Highlights from the ‘Building back better after COVID-19: The research agenda’ launch event
On 3 September 2020, The George Institute hosted a virtual video premiere and panel discussion (watch here) to identify key intersections between the COVID-19 pandemic and non-communicable diseases (NCDs), and the evidence gaps we urgently need to tackle in order to ‘build back better’.
The event, which was attended by participants from every continent across 36 countries (including Bangladesh, Barbados, Brazil, Belgium, Burundi, Canada, France, Hong Kong, Kenya, Mexico, Norway and UAE) opened with the screening of a video showcasing the views of academics, advocates, research funders and policymakers around the world. The screening was followed by a compelling discussion with a similarly global panel on what we’ve learned from the pandemic, and the NCD research priorities that are emerging as a consequence.
For more information about the Building Back Better initiative click here.
The discussion was chaired by The George Institute's Chief Scientist, Professor Anushka Patel, and featured experts Gene Bukhman (Director of NCD Synergies at Partners in Health and Co-Chair of the Lancet NCDI Poverty Commission); Katie Dain (CEO of NCD Alliance); Olive Kobusingye (Senior Research Fellow at Makere University School of Public Health, Kampala); Bente Mikkelsen (Director of WHO’s Department for NCDs); Juan Angel Rivera Dommarco (General Director of the National Institute of Public Health in Mexico); and Rajani Ved (Executive Director of National Health Systems Resource Centre, India).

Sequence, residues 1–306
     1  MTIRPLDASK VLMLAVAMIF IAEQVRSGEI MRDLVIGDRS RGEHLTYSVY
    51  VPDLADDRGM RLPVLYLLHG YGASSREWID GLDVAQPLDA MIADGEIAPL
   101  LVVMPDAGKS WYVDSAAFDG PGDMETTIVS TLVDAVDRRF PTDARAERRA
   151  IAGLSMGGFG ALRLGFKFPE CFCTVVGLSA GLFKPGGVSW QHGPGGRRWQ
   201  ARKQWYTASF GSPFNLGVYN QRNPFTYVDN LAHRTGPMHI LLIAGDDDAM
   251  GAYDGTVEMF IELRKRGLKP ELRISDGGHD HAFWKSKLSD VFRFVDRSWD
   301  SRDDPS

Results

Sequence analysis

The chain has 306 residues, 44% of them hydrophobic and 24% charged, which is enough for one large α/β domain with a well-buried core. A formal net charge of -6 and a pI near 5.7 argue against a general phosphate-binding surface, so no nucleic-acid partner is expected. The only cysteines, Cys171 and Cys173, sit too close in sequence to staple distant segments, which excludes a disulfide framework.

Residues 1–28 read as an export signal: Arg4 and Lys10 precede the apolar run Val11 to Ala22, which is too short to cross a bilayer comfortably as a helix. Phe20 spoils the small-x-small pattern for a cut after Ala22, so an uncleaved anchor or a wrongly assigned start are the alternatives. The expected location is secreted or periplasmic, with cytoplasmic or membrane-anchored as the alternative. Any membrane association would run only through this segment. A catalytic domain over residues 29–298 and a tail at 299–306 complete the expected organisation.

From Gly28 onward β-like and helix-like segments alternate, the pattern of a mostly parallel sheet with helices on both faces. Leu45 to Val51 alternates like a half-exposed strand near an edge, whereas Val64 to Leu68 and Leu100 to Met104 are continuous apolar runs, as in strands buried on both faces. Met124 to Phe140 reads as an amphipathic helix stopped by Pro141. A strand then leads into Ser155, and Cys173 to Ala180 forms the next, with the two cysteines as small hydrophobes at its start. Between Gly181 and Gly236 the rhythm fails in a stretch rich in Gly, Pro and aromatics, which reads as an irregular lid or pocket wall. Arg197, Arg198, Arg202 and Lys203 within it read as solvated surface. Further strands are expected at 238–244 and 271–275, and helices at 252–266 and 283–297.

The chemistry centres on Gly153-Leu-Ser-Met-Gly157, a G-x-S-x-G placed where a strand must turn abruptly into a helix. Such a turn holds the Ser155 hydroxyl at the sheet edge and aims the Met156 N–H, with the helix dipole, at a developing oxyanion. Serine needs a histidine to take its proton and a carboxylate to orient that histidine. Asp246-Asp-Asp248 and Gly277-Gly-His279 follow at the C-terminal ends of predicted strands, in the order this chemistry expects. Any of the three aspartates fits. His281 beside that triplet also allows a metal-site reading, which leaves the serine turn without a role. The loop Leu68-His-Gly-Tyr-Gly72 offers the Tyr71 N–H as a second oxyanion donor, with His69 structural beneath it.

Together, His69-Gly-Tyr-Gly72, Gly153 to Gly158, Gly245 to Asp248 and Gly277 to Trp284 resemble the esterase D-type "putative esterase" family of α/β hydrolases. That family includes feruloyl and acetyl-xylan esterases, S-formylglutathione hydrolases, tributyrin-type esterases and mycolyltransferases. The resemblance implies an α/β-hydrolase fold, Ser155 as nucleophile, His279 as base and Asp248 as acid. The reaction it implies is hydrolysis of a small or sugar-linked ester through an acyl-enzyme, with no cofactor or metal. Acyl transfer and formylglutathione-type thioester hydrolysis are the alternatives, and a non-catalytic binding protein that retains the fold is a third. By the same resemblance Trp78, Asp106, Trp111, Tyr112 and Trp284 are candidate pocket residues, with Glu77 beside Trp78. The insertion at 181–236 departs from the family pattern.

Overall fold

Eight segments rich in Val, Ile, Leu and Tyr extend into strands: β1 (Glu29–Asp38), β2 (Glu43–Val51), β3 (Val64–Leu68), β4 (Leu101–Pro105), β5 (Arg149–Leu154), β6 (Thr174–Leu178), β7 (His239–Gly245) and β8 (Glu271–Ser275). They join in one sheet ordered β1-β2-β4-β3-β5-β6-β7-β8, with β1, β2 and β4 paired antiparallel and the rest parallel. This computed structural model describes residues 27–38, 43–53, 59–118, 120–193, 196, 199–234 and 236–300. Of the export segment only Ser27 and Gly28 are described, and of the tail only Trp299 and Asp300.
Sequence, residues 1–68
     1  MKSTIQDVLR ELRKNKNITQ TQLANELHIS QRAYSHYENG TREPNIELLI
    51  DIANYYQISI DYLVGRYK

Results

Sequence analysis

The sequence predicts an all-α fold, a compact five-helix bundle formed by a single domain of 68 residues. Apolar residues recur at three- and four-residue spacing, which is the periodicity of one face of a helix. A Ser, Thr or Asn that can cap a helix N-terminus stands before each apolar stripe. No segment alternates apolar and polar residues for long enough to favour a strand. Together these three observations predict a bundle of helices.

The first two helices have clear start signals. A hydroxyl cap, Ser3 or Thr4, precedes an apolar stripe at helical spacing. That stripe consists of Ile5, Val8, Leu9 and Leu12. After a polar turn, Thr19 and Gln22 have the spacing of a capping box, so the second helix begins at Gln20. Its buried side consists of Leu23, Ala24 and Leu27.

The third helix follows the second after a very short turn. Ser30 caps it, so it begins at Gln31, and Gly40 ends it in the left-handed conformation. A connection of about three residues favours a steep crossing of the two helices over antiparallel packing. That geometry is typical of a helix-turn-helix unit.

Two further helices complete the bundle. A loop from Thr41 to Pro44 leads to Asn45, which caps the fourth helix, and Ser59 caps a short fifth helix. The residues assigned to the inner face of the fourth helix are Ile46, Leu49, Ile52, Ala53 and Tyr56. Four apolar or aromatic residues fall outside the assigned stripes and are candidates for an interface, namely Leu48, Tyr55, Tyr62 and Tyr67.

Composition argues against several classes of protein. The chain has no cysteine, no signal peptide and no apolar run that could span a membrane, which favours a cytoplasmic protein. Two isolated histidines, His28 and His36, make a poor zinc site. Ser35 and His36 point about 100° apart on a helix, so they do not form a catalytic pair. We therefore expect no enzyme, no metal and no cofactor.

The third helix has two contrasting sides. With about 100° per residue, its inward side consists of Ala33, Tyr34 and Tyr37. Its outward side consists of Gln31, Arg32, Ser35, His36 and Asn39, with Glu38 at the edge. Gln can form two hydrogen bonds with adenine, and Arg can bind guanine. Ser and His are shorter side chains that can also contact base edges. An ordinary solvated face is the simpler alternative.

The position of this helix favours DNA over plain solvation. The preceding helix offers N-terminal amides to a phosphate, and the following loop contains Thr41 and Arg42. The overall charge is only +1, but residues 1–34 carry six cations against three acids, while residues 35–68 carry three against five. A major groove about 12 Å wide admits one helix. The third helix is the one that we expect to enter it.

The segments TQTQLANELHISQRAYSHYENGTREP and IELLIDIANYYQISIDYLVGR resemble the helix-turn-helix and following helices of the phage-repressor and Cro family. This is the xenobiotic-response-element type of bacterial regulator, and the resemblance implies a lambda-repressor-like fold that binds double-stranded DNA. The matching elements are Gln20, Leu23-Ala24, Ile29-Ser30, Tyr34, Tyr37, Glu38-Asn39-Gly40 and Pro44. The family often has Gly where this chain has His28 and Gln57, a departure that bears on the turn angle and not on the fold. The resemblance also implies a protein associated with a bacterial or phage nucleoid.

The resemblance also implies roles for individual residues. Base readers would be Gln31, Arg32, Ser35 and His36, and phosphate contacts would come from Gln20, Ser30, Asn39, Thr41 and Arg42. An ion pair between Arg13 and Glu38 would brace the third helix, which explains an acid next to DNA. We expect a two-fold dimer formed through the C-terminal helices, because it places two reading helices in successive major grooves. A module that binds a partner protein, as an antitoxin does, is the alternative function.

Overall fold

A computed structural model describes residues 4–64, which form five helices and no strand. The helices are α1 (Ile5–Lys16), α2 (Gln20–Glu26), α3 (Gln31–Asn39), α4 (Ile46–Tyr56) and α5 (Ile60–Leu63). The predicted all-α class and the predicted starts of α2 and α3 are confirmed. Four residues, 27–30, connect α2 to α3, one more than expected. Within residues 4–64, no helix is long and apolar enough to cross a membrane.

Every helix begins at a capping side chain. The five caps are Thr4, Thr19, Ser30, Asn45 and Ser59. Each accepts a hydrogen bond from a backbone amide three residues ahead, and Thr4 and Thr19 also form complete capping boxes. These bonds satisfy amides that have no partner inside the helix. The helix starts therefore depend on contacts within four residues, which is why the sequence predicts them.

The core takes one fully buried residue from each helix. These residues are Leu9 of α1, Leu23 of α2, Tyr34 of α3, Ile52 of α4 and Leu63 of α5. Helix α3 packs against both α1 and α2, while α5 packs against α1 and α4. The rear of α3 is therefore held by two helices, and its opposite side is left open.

Professor Patel kicked off the discussion by asking: Are you concerned or optimistic about the place of NCDs on the global research agenda in light of the COVID-19 pandemic?
In general, our panellists were optimistic. While Dr Bente Mikkelsen made the point that NCDs have been largely absent from the research agenda for COVID-19, she conceded that the pandemic represents "a golden opportunity" for NCD researchers to prioritise their agenda. Other panellists were more optimistic, arguing that the increased vulnerability of people living with NCDs to COVID-19 had generated welcome interest in chronic diseases, which are often neglected.
In contrast, the majority of audience members felt concerned, with 132 audience members responding to a poll during the conversation:
The discussion that followed focused on the question ‘What is the most pressing issue for the global NCD research agenda if we are to build back better after COVID-19?’, with a number of key themes emerging:
The need to ensure the voices of communities and people living with NCDs are at the centre of the pandemic research response
One of the key themes that emerged during the conversation concerned how we can better ensure those living with NCDs are at the centre of decisions, whether determining the research agenda or choosing which health services to provide. Governments around the world dealt with COVID-19 in "a very fast and urgent way, at the expense of actually engaging patients and the public in many contexts," noted panellist Katie Dain.